She’s being distant. Do I need to confirm this date?

sunset-silhouette-golden-hour-goldenhour

Colossus_of_Clout asks:

I’ve been seeing this woman for about a month, we’ve hung out 5 times at this point, slept together, and have been enjoying each other’s company. We made plans on Monday to do dinner/drinks at my place this coming Friday. In the past week, however, she seems to be pulling back, taking a long time to respond, shorter answers and what-not. We didn’t set a time, only the day. Due to her being notably more distant communication-wise, I haven’t been texting her, because I’d started the last handful of text conversations and she has been taking her sweet time to respond to my messages.

So we do need to set a time for our meet up, that much is sure. But should I be the one to reach out here? I asked for the date, I have been the one initiating communication, and she has been distant. Should I see if she reaches out or give her a call to set an exact time? I mean, why agree if you’re not interested?


Demetrius says:

It seems to me that you’re reading the situation right. If you feel like she’s creating distance, odds are good that she’s purposefully creating distance. Why she’s creating that distance is a mystery for sure, but reaching out is a pretty simple problem to solve.

Should you be the one to reach out is a good question, but a better question is do you want to? Let’s say she’s being distant because she’s having mixed feelings about how things are going, would you still want to go on a date with her? Or, let’s say she’s being distant because of reasons unrelated to you, like troubles with her personal or professional life, would you still want to go on a date with her? Your answer to either of those questions is your answer to the question of whether or not you should be the one to reach out. Not your answer to both, either. Seriously, if you say yes to either one, reach out. If you say no to either one, don’t reach out. Either action would be valid. It’s possible that the distance you’re sensing is real, and you’re sensing it because she’s about to end things. You have to ask yourself if it’s worth going on another date with her, or trying to confirm this upcoming date, if you think she is likely to end things soon after. On the other hand, the distance could be unrelated to your connection, so you’d risk missing out on developing a deeper connection by not reaching out. Maybe the distance is there because she felt like you are bad at planning and didn’t take the initiative on setting a time for your date. Who can know for sure? I do know that were I in your place, I’d reach out. Not because I hope that by reaching out I can bridge the distance, mostly because I dislike uncertainty. Then again, I’m also aggressive so my reaching out would be something along the lines of “Hey, let’s figure out a time” but also “Hey, you’re being distant so let me know if you still want to hang”. If that sounds too aggressive for you, that’s fine, it’s just how I roll. Fun fact: Every. Single. Time. I’ve called out someone for being purposefully distant I’ve been proven right, so there’s that. Usually they admit to it and end things or they deny it, which leads to a later conversation along the lines of “you were right about the distance, but I wanted to believe I could work through this” which…is dumb. People need to trust their instincts.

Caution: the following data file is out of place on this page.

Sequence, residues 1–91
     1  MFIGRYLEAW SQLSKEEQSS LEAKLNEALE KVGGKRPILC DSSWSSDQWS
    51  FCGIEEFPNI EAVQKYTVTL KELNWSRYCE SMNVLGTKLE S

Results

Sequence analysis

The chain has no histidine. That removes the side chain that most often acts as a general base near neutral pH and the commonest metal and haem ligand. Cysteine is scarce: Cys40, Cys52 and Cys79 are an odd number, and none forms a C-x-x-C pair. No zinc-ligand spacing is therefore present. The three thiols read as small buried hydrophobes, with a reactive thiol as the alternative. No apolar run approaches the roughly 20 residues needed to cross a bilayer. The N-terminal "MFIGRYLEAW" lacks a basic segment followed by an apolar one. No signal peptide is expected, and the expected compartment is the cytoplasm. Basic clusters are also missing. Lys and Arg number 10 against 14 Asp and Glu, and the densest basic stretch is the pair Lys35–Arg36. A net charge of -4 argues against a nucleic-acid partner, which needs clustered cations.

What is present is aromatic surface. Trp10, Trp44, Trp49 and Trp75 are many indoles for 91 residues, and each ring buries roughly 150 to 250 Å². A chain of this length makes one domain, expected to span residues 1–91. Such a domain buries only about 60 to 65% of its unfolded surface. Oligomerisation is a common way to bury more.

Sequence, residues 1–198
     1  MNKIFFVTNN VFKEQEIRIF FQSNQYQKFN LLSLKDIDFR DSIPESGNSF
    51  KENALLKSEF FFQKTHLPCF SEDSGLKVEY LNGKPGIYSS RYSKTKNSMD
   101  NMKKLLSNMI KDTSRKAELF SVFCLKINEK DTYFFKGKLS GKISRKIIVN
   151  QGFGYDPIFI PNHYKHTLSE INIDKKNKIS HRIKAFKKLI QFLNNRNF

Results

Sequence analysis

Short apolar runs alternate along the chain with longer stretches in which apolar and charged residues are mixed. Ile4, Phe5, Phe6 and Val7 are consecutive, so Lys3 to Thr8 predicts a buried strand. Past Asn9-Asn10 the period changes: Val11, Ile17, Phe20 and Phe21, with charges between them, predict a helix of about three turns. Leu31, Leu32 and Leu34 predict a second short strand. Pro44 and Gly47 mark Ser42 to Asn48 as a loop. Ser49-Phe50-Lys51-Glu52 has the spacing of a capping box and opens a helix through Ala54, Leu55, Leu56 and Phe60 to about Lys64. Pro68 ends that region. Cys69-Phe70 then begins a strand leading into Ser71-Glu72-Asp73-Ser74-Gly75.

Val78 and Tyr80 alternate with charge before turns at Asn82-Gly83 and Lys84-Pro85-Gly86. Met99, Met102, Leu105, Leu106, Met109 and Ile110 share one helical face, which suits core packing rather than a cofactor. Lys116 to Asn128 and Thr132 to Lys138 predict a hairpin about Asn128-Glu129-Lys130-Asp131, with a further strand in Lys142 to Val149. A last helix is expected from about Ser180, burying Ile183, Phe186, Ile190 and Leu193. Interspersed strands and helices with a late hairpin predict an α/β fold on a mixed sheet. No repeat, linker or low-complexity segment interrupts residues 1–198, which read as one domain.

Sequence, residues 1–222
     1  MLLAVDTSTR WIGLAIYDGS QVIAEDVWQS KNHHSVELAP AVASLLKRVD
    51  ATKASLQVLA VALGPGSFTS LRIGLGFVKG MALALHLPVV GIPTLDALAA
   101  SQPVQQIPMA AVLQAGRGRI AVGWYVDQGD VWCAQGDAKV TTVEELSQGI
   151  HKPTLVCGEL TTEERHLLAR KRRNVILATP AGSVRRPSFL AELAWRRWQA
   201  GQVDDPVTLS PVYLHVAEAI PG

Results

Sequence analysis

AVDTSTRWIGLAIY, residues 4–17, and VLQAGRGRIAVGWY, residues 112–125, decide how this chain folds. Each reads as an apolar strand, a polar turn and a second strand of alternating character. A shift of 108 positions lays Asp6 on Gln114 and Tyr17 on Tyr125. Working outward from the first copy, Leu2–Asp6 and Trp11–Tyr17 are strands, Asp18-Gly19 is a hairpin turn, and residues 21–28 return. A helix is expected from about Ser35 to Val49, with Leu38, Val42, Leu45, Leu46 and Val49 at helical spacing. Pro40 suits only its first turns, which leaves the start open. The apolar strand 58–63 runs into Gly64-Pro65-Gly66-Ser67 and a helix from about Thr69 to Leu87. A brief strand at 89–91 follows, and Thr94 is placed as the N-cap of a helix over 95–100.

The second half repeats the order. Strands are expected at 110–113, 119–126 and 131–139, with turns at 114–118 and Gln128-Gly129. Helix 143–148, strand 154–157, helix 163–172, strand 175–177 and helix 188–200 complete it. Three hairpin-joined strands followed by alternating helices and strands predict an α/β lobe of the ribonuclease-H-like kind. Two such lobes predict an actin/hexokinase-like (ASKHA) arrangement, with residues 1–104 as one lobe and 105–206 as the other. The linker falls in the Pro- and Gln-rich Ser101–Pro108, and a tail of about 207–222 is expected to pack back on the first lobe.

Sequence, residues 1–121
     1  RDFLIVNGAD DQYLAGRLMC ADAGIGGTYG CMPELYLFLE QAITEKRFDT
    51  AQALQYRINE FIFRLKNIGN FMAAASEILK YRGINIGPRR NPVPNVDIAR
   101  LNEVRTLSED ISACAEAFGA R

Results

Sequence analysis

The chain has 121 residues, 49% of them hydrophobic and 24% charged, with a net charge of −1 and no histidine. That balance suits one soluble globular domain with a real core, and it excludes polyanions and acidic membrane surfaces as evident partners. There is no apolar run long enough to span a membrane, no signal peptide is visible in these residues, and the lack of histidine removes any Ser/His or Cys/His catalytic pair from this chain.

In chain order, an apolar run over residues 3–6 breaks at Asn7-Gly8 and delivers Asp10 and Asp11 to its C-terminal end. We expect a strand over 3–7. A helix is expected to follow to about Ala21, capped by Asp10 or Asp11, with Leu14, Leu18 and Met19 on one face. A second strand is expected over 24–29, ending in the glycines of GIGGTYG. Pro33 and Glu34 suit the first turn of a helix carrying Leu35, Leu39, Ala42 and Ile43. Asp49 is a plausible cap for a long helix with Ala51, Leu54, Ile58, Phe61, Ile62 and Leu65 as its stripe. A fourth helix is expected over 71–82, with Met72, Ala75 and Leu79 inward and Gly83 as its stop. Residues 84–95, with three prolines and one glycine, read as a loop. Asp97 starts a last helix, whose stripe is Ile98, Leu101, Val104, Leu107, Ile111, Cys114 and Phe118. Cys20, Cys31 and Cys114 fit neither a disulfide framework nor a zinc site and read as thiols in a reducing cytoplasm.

Anyway, let’s say you’re pretty much done until she shows interest and you’re wondering how long you should wait until she calls or texts to set a date. I’d say wait until the day of your date to send a text saying “Hey, hadn’t heard from you about tonight, are we still on?”. Her response will more than likely indicate where you can expect things to go moving forward. If she confirms your plans, cool, if she cancels, she’s probably completely lost interest and you could stop initiating conversations safe in the assumption that she’ll just fade herself out of your dating life. If she confirms the date and she’s still pretty distant, it might be time to hop back onto Tumblecupid and keep your options open.

As for why she’d agree to a date because she’s not interested…does it matter? Fine, why is important to you, so here’s why she’s become distant but still agreed to another date. When she agreed to the date, she was still interested but after some soul-searching and thinking about your connection, she’s decided that you aren’t a good fit. Wait, actually, on second thought, she’s also seeing someone else and she’s come to the point where she has to choose and, sorry Jacob, you lost out. Oh crap, I’m wrong, actually it’s just that she’s not that into but didn’t realize it until after she agreed to another date. I mean, I’m just guessing, and you could do it to, and all of your reasons could be as valid or invalid as the reasons I stated because as I’ve stated before, the why doesn’t matter, the end result does. The distance doesn’t matter so much as what the distance means, which is that your days with her are numbered.

Text her if you really want to see her again, but it seems like you can tell this situation has a short shelf life. If that’s the case, text on the day of the date to confirm your suspicions, or just don’t text at all and let her remove herself from your dating life through inaction.

Good Luck Out There.

Demetrius Figueroa

Demetrius is a sex, dating, and relationship writer based in Brooklyn.

Leave a Reply

Your email address will not be published.